By Kevin Rutherford
Troy, Ohio, is slotted in a region of the United States where a the antique sound of Mumford & Sons seems not at all antique. A city of about 25,000 outside of Dayton, it still has a small town feel. There are the pop fans, sure, but one walk into Troy’s downtown square and one feels transported into another time, when raucous sing-alongs on acoustic instruments feel like the flavor of the now.
So when Mumford & Sons announced Troy as one of the four North American stops on its 2013 Gentlemen Of The Road tour (others being Simcoe, Ontario; Guthrie, Okla. and St. Augustine, Fla.), it first came as a surprise that, of all places in the U.S., the band would choose the county seat of Miami County that’s nestled along the Great Miami River and next to the travel juggernaut that is I-75. But if one thought about it, a trip to Troy made perfect sense.
This year, the London folk band expanded its Gentlemen Of The Road stopovers from just one day of music to two, resting in western Ohio over Aug. 30-31 for a jamboree of sizable proportions. Folk music may not be thought of as a genre able to reach for the nose-bleeds in many occasions, but that’s exactly what Marcus Mumford and his band were able to do for the residents of the Miami Valley and beyond.
Beginning with a set by Montreal folksters Half Moon Run late Friday, all acts from then on played a standard festival stage set in the end zone of Troy’s high school football stadium. Concertgoers largely stood on the field itself, though the grass was covered by a plastic tarp that may or may not have actually keep the material below from getting trampled; the next home football game for the Trojans should answer that.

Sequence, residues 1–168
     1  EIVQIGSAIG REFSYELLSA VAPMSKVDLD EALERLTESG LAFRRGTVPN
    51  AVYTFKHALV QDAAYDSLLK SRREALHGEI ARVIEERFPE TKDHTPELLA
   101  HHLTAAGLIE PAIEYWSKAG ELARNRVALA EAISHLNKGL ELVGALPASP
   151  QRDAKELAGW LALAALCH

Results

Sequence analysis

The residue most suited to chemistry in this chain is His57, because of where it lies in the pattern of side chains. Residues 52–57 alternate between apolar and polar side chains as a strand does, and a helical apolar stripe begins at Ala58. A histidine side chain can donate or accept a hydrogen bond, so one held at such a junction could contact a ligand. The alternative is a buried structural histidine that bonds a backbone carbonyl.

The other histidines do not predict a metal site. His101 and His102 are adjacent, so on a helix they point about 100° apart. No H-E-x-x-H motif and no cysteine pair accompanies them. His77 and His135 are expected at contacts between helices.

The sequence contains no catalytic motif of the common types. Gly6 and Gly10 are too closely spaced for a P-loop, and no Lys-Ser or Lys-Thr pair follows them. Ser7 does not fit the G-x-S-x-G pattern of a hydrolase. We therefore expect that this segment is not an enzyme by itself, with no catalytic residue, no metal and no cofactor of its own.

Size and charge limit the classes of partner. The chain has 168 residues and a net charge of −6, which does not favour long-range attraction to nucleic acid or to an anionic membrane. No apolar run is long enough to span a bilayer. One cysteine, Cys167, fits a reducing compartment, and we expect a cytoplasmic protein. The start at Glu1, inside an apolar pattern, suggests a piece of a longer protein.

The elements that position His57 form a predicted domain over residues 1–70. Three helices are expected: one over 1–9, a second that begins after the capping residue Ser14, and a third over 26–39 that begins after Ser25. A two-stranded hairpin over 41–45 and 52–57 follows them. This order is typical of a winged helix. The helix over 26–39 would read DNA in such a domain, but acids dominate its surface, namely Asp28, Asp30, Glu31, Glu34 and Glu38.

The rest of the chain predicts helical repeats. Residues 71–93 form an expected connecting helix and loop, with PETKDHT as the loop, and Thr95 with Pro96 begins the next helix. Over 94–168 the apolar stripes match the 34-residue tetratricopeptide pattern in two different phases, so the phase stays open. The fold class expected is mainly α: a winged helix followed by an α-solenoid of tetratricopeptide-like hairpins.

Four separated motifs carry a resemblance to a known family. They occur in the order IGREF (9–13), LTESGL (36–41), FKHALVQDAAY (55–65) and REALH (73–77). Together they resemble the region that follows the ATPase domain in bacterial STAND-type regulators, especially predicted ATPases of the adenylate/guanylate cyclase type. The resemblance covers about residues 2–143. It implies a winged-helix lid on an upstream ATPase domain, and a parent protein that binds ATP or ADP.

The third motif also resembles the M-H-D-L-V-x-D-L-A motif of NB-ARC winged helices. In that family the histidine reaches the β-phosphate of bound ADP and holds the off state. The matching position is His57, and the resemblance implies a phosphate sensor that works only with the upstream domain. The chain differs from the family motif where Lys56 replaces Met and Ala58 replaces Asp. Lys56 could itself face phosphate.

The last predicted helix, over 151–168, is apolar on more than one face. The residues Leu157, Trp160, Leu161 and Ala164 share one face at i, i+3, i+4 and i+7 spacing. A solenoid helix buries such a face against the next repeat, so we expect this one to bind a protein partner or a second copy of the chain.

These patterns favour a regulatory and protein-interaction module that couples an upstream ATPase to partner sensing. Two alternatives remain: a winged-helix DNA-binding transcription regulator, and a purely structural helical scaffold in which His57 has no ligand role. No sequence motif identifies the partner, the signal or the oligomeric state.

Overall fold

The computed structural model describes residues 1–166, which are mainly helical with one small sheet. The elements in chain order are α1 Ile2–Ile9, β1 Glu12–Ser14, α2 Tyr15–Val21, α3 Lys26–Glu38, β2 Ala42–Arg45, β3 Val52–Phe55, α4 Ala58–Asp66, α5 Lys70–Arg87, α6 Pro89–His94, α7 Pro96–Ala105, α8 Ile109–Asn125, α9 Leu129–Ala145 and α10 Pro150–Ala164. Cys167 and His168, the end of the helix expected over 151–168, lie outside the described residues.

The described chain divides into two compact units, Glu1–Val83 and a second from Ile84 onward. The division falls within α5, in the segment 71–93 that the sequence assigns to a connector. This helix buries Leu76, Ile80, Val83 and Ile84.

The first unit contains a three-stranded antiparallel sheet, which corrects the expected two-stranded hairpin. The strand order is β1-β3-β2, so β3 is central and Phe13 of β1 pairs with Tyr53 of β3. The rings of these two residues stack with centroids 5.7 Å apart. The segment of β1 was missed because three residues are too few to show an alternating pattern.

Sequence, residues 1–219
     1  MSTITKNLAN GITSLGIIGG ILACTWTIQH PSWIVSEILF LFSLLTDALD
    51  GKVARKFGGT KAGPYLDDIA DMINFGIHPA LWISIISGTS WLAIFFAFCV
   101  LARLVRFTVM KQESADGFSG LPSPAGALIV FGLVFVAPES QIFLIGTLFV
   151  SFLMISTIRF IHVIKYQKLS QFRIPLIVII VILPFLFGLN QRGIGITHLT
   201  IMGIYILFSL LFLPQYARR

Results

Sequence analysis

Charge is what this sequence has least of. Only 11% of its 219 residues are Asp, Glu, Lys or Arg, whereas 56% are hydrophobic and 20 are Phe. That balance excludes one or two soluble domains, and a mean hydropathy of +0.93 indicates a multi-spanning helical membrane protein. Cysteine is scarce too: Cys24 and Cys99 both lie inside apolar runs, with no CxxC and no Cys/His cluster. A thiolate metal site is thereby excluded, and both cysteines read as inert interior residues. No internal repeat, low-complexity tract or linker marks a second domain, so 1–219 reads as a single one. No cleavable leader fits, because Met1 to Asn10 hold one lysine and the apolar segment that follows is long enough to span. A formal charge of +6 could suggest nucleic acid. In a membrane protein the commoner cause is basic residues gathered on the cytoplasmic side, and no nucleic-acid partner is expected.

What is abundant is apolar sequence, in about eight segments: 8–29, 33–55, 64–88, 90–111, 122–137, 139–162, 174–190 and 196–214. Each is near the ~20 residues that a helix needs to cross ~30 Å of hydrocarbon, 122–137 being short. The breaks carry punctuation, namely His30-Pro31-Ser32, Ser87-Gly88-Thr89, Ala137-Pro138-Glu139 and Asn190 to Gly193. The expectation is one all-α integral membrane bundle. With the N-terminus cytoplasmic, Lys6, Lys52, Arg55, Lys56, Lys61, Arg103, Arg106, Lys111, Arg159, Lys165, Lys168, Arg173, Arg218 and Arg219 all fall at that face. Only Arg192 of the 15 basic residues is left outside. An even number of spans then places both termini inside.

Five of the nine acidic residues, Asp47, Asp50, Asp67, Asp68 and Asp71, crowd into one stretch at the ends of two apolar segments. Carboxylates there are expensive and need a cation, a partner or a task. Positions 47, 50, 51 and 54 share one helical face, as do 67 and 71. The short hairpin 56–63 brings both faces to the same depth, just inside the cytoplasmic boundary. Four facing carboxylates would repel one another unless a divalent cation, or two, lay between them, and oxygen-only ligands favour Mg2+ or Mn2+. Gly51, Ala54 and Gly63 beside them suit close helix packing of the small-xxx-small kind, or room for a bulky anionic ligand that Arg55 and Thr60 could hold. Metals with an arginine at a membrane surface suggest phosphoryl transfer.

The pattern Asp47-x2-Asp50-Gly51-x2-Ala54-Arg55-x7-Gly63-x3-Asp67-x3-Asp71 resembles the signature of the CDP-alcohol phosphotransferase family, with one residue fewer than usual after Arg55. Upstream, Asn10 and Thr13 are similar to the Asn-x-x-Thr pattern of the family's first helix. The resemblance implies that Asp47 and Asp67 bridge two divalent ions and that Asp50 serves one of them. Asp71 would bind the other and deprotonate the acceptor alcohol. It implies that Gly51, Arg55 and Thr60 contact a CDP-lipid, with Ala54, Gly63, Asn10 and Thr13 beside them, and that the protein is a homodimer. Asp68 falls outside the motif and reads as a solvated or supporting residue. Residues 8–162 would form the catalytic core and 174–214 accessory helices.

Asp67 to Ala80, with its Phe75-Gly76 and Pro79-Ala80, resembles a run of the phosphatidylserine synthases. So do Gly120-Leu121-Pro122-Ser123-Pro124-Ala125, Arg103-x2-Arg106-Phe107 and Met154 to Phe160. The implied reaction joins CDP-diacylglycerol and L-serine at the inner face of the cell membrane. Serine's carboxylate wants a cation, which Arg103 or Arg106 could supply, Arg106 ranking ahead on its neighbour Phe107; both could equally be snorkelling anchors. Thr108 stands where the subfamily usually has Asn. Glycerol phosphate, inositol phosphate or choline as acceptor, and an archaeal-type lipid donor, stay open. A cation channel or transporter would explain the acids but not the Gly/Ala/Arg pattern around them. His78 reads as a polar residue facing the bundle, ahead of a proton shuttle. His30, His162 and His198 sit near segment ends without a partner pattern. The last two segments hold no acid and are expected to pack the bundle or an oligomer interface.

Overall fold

Considering the $100 ticket price, the music’s obviously important, but the Gentlemen Of The Road tour isn’t a good time just for its musical delights: it’s the spirit of the festival itself that’s most enticing.
A plethora of folks from the area or elsewhere set up tents in various allotted campgrounds — seven in all. Two camps in particular were nestled along the levee, creating picturesque photo opportunities against the backdrop of Troy, while another basically took over the high school baseball field and turned it into a place for roaming, roving folk music lovers, some armed with acoustic guitars.
An array of vendors set up shop at the festival, ranging from local folks such as high school boosters selling cheap food beneath the bleachers as if it were a Friday night football game to businesses from outside the state, such as Illinois’ delicious Weber’s Weenies.
Though none of Mumford & Sons may have a dashing mustache reminiscent of olden days, the kind that twirls a bit at the end, the mustaches were nonetheless in full force, a sort-of rallying cry for the band around town. A McDonald’s had a mustache drawn on its side and certain establishments bearing the facial hair as a sign of, “Hey, we’re down with the banjo, come eat/drink/buy things here.”